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Anterior & posterior

pituitary hormones

Dr. Karun Kumar

Dept. of Pharmacology
What is a hormone ?
• Hormone (hormaein to stir up)
• is a substance of
• intense biological activity
• produced by specific cells in the body
• transported through circulation
• to act on its target cells
Growth hormone
• Acts on cell surface JAK-
• Somatomedins or Insulin-
like growth factors (mainly
IGF-1, also IGF-2)
• Like insulin, IGF-1
promotes lipogenesis and
glucose uptake by muscles.
• GH acts directly as well to
induce lipolysis in adipose
tissue, gluconeogenesis
and glycogenolysis in liver
and decreased glucose
utilization by muscles
1. Pituitary dwarfism
2. Constitutional short stature (only if epiphyses are
3. Catabolic states (severe burns, bedridden
patients, chronic renal failure, osteoporosis, etc.)
4. AIDS related wasting
Abuse by athletes is banned, and it is one of the
drugs included in ‘dope testing’.
GH inh.(Somatostatin, Octreotide)

• Uses of Octreotide

1. Acromegaly

2. Secretory diarrhoeas associated with carcinoid,

AIDS, cancer chemotherapy or diabetes

3. Esophageal variceal bleeding

Bromocriptine (Actions)
1. ↓ Prl release from pituitary by activating
dopaminergic receptors on lactotrope cells
2. ↑ GH release in normal individuals, but ↓ GH in
pituitary tumours that cause acromegaly
3. Has levodopa like actions in CNS—
antiparkinsonian and behavioural effects.
4. Produces nausea and vomiting by stimulating
dopaminergic receptors in the CTZ.
5. Hypotension
6. ↓ GI motility
1. Hyperprolactinemia (microprolactinomas)
2. Acromegaly (small pit. tumours & inop. cases)
3. Parkinsonism
4. Diabetes mellitus (DM) [Adjunctive drug]
5. Hepatic coma (Arousal)

Cabergoline  Newer D2 agonist; more potent;

more D2 selective and longer acting (t½ > 60 hours)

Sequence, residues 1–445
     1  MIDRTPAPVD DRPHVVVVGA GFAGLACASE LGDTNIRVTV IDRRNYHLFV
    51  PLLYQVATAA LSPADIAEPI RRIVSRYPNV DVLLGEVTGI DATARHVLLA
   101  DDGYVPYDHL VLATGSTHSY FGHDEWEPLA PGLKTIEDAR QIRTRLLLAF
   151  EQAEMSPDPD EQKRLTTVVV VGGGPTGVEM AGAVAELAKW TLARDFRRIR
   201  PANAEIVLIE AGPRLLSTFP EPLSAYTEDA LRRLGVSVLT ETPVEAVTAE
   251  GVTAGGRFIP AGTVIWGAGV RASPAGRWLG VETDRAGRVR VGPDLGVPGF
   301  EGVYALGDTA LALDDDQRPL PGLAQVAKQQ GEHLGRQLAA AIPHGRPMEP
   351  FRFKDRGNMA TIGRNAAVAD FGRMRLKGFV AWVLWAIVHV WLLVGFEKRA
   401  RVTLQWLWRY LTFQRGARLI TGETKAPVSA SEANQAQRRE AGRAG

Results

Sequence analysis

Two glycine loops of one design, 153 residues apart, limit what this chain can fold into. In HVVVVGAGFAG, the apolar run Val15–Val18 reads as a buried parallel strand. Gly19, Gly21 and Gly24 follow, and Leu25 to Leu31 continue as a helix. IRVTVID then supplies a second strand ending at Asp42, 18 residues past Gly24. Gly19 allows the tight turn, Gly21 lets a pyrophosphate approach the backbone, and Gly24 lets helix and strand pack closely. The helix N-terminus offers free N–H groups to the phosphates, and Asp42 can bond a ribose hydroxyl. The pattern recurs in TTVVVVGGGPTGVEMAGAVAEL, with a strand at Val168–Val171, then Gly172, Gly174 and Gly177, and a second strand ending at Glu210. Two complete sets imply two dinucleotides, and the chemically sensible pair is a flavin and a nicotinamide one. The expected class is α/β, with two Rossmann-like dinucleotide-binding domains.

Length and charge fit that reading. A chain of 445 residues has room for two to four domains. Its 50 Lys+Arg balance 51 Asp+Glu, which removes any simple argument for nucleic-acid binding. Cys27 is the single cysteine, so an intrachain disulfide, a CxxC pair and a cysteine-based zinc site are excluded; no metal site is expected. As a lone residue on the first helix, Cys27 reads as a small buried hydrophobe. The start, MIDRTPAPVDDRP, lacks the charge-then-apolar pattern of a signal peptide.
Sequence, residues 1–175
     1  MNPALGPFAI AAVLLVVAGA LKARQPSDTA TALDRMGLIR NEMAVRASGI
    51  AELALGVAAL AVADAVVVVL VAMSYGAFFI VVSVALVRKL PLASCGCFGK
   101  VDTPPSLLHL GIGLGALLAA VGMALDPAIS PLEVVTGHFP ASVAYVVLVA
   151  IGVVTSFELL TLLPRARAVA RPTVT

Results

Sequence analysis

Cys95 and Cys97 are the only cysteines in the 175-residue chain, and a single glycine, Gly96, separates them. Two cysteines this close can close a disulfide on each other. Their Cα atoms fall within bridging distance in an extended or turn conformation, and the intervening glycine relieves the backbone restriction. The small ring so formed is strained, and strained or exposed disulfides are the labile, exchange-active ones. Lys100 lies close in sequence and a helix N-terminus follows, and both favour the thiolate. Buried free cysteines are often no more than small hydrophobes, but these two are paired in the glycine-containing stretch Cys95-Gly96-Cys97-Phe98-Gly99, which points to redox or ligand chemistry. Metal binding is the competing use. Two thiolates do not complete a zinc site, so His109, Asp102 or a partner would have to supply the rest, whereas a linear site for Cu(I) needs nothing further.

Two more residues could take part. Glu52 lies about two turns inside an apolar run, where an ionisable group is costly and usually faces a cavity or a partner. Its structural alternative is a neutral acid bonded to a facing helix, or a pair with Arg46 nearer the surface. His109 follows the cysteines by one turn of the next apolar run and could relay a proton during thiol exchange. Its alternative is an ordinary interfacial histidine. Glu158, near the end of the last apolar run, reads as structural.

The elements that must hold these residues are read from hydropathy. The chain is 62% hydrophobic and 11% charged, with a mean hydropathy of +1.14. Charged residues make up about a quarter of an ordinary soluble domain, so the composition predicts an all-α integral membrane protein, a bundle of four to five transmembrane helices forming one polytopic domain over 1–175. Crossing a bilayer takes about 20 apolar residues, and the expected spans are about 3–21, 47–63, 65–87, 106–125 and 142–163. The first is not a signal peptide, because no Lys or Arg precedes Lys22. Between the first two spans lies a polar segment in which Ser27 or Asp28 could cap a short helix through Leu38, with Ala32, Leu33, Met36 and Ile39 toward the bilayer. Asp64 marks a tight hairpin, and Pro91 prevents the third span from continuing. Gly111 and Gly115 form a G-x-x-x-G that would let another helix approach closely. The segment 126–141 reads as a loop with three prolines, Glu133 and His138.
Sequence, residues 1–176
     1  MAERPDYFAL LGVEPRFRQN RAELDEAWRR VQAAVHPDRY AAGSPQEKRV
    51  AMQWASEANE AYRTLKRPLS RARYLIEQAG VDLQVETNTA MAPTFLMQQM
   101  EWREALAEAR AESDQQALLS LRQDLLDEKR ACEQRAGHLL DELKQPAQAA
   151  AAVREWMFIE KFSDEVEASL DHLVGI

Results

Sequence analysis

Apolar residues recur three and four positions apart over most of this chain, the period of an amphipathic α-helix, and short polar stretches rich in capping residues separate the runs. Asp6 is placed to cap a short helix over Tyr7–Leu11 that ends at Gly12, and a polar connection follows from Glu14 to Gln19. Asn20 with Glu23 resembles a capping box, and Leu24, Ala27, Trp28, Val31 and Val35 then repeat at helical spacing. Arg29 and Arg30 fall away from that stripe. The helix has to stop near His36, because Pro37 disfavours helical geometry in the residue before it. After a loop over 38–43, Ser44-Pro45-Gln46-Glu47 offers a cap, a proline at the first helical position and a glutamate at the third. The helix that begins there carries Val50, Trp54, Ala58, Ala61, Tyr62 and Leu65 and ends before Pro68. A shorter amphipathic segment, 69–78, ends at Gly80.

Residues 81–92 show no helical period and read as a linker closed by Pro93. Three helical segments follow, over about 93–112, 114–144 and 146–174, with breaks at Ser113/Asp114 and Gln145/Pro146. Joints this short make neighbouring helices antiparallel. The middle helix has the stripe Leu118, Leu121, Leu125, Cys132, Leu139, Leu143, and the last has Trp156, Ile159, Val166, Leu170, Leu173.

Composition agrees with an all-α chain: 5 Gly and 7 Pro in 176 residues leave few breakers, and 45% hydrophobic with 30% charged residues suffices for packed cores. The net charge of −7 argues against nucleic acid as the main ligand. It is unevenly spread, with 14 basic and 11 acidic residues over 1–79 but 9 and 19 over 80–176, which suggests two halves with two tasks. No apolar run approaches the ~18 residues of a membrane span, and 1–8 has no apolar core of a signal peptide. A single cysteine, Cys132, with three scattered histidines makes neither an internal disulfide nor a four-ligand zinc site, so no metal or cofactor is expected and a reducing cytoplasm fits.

1. Amenorrhoea and infertility

2. Hypogonadotrophic hypogonadism in males

3. Cryptorchidism

4. To aid in vitro fertilization

GnRH analogues

• GnRH injected i.v.  ↑ LH & FSH (test HPG axis)

• ONLY pulsatile exposure to GnRH induces FSH/LH

secretion, continuous exposure desensitizes
pituitary gonadotropes (not used in hypogonadism)

• Eg. Goserelin, Leuprolide, Nafarelin, Triptorelin

Mechanism of action
Agonists act continuously & initially ↑ Gn secretion
After 1–2 weeks ↓
Desensitization and down regulation of GnRH receptors

Inhibition of FSH & LH secretion

Suppression of gonadal function

Spermatogenesis or ovulation cease & T/E levels ↓

1. Assisted reproduction technique (ART)

2. Uterine fibroids

3. Endometriosis

4. Central precocious puberty

Oxytocin (Actions)

1. Uterus  ↑ force & freq. of uterine contractions

Estrogens sensitize the uterus to oxytocin (↑ OR)

2. Breast  Contraction of myoepithelial cells (‘milk

ejection reflex’) is initiated by suckling

3. Kidney  Oxytocin in high doses exerts ADH-like


1. Induction of labour  Slow i.v. infusion: 5 IU is

diluted in 500 ml of glucose or saline solution

2. Uterine inertia

3. Postpartum haemorrhage, Caesarean section

4. Breast engorgement (Intranasal spray)

Oxytocin (DOC) v/s Ergometrine
1. Because of its short t½ and slow i.v. infusion,
intensity of action can be controlled and action
can be quickly terminated.
2. Low concentrations allow normal relaxation
inbetween contractions—foetal oxygenation does
not suffer.
3. Lower segment is not contracted: foetal descent
is not compromised.
4. Uterine contractions are consistently augmented